In an email to the News after the event, Jacobson described how he, along with Kendi, believes that the use of certain language and conceptions of “inclusion” or “belonging” in various settings instead of “desegregation,” “integration” and “solidarity” can serve as microaggressions and actually undermine equality and equity.

“The work of desegregation that was begun generations ago has never been fully completed; in historically white institutions like Yale significant barriers remain, true equity has yet to be achieved,” Jacobson wrote in the email. “Meaningful antiracist solidarities are not yet the rule [and we] cannot resolve this without naming it correctly and facing it squarely.”

At the talk, Kendi also described defining stages in his life and how the presidential election in 2000 and stories of disenfranchisement allowed him to shift his ideology from maintaining the belief that “something was wrong with Black youth” to seeing that Black youth were not the problem.

Kendi also expressed the cruciality of educating communities, raising questions about how education teaches people to challenge and disrupt the institutional “power and policy” that foster systemic racism.

“I was struck by his response regarding education [and] I have begun to think of ways that we as an institution and society can address institutional racism and its impact,” Horsley said. “Dr. Kendi emphasized the need to go beyond education and to change policies. We can’t just have education for education[’s] sake.”

Then, Kendi continued to connect the current “moment of national reckoning” to similar moments in history. He spoke about neo-confederalism — in which groups of individuals believed that states previously in the Confederacy should again secede and form their own nation — and Jim Crow laws. Kendi added that “we’re at a stage of awareness, and we’ve been at this stage previously.”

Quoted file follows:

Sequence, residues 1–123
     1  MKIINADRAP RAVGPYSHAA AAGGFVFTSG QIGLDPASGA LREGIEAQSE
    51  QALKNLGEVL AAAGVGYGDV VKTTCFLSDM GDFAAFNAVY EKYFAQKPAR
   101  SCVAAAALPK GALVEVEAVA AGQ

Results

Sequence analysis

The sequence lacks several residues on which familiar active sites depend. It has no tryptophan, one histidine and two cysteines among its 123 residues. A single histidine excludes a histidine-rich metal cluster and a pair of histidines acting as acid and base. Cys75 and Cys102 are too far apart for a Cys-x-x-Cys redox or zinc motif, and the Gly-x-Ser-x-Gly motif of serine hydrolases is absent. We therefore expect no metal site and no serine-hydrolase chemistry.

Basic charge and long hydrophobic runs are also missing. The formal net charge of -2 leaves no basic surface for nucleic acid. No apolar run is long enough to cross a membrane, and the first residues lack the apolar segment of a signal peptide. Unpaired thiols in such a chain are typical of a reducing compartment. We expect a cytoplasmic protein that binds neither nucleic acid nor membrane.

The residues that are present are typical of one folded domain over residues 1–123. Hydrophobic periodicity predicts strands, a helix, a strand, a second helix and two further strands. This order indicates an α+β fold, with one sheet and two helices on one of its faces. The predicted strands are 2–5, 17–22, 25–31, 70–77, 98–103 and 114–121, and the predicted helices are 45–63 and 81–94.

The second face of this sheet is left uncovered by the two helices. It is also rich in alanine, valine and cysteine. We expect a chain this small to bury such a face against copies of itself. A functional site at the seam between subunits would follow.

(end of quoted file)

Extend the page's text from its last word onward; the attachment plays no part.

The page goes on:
When speaking about how this conversation applies to the Yale community, Kendi brought attention to his belief that there can be “bodies of people of color at a historically white institution” without those bodies of people actually belonging at that institution — something contingent upon whether or not there are multiple standards, cultures, perspectives and histories that are simultaneously centered, he added. 

The talk concluded with audience questions on federal reparations, suggestions for interacting with racist family members, the relationship between electoral politics and street-level activism, enlisting allies and advice for coalitions of student groups. Over 100 questions were submitted before and during the talk.

When asked about how he endures and remains inspired, for instance, to work on his new book, “Four Hundred Souls: A Community History of African America, 1619-2019,” Kendi said that he thinks “the love and the empathy becomes fuel for [him] day in and day out.”

The conversation with Kendi is the second in the Antiracism Speakers Series, developed within Belonging at Yale after the police killings of George Floyd, Breonna Taylor and many others. Two more events will follow in the spring.

Amelia Lower | amelia.lower@yale.edu